Diagnosis & Disease Information

Measles Vaccine Cancer Cure

Mayo Clinic Researchers Successfully Cure Cancer Using Measles Vaccine

In an April 2014 press release, a Mayo Clinic hematologist announced that a massive dose of the measles vaccine had eradicated blood cancer in a 49-year-old woman. Stephen Russell, M.D., Ph.D., author of the research paper and co-developer of the therapy, said the woman experienced a complete remission from myeloma, a cancer of plasma cells in the bone marrow, and has been clear of the disease for over 6 months. “This is the first study to establish the feasibility of systemic oncolytic virotherapy for disseminated cancer,” he says. Russell and his team also treated another cancer patient with the measles vaccine, and although this patient did not respond as well, her cancer did show signs of improvement.

Laughter Therapy in Cancer Patients

Laughter Therapy Shown to Boost Immune Function in Cancer Patients

Laughter really is the best medicine

There’s no doubt that laughter is contagious. Who hasn’t experienced breaking out into uncontrollable laughter just by watching someone else laugh, even without having any idea what was so funny? A unique case out of Tanzania details a reported “laughter epidemic” that started with 3 girls, spread throughout their boarding school in Kashasha, and affected 95 of its 159 students. The epidemic lasted 16 days until the school was forced to close, but it didn’t stop there. It further spread to neighboring villages, ultimately lasting 6 to 18 months, closing down 14 schools, and affecting 1000 people in total.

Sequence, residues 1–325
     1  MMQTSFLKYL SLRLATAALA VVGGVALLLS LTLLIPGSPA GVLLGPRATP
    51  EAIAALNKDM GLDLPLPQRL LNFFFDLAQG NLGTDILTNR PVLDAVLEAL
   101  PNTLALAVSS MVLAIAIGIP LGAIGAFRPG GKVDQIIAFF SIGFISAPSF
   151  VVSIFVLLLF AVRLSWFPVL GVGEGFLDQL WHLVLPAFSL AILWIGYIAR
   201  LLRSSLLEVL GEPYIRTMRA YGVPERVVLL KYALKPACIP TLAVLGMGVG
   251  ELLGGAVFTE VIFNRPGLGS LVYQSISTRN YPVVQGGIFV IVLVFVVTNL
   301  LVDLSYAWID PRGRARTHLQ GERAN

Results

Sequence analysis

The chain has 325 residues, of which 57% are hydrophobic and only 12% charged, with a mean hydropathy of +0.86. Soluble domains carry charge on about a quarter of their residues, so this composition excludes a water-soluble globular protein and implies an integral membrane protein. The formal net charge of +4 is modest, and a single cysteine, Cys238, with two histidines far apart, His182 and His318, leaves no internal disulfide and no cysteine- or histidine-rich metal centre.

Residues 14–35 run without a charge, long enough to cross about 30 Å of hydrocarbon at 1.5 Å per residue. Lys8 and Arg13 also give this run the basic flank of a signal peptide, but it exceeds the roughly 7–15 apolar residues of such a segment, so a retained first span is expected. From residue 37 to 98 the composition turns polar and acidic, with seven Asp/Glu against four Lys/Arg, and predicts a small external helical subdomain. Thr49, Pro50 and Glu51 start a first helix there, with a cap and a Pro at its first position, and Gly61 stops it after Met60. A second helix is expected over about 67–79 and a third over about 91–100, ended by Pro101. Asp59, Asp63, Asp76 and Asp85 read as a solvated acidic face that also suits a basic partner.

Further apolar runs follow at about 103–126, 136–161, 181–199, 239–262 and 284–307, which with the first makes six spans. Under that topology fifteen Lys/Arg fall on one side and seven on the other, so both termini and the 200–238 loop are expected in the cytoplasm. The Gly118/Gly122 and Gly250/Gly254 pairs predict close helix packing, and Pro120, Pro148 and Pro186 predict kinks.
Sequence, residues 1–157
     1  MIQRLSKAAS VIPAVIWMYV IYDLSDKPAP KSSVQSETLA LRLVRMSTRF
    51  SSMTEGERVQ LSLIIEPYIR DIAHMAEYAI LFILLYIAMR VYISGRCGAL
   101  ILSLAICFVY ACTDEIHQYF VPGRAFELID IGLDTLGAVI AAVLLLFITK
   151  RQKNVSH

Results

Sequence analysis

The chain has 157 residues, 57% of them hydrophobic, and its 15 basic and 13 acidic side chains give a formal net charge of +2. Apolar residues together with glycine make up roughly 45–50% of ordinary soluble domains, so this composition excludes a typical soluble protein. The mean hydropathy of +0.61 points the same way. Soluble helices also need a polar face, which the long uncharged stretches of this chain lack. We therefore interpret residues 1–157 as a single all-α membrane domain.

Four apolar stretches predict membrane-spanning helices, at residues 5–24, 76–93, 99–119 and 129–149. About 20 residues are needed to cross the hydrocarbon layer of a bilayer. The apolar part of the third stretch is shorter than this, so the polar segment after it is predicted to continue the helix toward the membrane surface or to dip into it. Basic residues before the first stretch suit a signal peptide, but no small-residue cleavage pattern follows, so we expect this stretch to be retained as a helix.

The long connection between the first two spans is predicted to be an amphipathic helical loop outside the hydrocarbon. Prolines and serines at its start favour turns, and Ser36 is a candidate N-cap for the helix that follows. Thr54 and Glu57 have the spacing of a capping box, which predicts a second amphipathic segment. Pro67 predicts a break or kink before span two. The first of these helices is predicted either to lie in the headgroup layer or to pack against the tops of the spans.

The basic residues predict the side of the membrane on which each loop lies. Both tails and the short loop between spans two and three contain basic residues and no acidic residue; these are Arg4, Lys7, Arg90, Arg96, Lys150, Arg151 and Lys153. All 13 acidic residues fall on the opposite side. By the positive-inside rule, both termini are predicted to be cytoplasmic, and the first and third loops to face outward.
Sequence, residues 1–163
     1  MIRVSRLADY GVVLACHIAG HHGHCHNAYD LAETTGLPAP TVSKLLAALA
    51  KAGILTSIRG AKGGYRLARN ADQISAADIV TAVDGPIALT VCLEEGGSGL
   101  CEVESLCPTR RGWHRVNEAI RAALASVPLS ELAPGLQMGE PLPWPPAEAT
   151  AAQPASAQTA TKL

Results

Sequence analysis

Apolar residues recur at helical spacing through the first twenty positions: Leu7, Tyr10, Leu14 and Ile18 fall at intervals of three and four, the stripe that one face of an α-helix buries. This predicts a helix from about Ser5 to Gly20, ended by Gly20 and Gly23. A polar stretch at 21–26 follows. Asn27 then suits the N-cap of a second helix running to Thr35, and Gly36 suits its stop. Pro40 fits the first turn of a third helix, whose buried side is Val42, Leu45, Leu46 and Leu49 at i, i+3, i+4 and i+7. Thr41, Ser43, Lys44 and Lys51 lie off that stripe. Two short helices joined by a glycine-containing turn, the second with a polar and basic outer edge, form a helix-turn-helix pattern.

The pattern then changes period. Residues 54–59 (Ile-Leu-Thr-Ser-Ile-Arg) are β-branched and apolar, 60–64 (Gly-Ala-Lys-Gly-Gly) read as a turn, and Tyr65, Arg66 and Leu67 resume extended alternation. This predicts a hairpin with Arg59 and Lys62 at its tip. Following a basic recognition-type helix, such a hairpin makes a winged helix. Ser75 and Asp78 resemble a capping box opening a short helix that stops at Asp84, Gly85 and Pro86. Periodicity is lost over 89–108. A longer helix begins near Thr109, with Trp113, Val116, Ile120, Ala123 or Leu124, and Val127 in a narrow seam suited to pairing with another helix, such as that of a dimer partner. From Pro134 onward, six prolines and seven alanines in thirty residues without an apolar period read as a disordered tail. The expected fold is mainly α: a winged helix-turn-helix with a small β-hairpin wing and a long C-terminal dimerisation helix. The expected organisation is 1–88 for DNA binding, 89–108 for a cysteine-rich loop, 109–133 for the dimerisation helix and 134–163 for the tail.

Vitamin C and Cancer Treatment

Vitamin C and Cancer Treatment

A new study suggests that vitamin C, when used as a supplement to cancer treatments, may increase the efficacy of cancer drugs while lessening the side effects of chemotherapy treatments in some cancer patients. Researchers at the University of Kansas Medical Center reported their findings in Science Translational Medicine in February. According to the study, their research yielded positive results in the lab and in a small trial of ovarian cancer patients.

Fragmented Sleep

Sleep Deeply—Or Else

While studies have long connected fragmented sleep with fatigue and irritability, for the first time, a clinical connection between poor sleep and cancer has been found. A recent study has concluded that poor sleep marked by frequent awakenings can speed a cancer tumor’s growth and increase its aggressiveness. For the study, a pediatric pulmonary and sleep expert spent 2 years at the University of Chicago leading a joint team of researchers from that institution and the University of Louisville. According to their findings, over time, interrupted sleep patterns diminish the body’s ability to fight off cancerous cells, contributing to the malignancy of the disease.

The Addition of Bevacizumab to First-Line Treatment for Brain Tumors

The Addition of Bevacizumab to First-Line Treatment for Newly Diagnosed Glioblastoma Brain Tumors

Glioblastoma (GBM) is the most common primary malignant adult brain tumor and, despite treatment advances in recent years, the average survival of patients enrolled in clinical trials is less than 16 months with few patients living beyond five years. GBM tumors are characterized by angiogenesis — the formation of new blood vessels that support tumor growth stimulated by the GBM-produced vascular endothelial growth factor A (VEGF-A). Bevacizumab is a monoclonal antibody that targets VEGF-A production to block the growth of tumor-derived blood vessels. “Clinical trials evaluating the addition of bevacizumab to standard treatment for recurrent glioblastoma demonstrated clinical benefit and led to the drug’s U.S. Food and Drug Administration approval for this indication,” says Mark Gilbert, M.D., Radiation Therapy Oncology Group 0825 principal investigator and professor of neuro-oncology at The University of Texas MD Anderson Cancer Center in Houston. “Additionally, compelling preclinical data suggest that anti-angiogenic targeted therapies may normalize the tumor’s rapidly forming and underdeveloped blood vessels, resulting in improved oxygen and chemotherapy delivery to the tumor and potentially enhanced radiotherapy (RT) and chemotherapy treatment,” explains Gilbert. The Radiation Therapy Oncology Group (RTOG) 0825 study tested this hypothesis.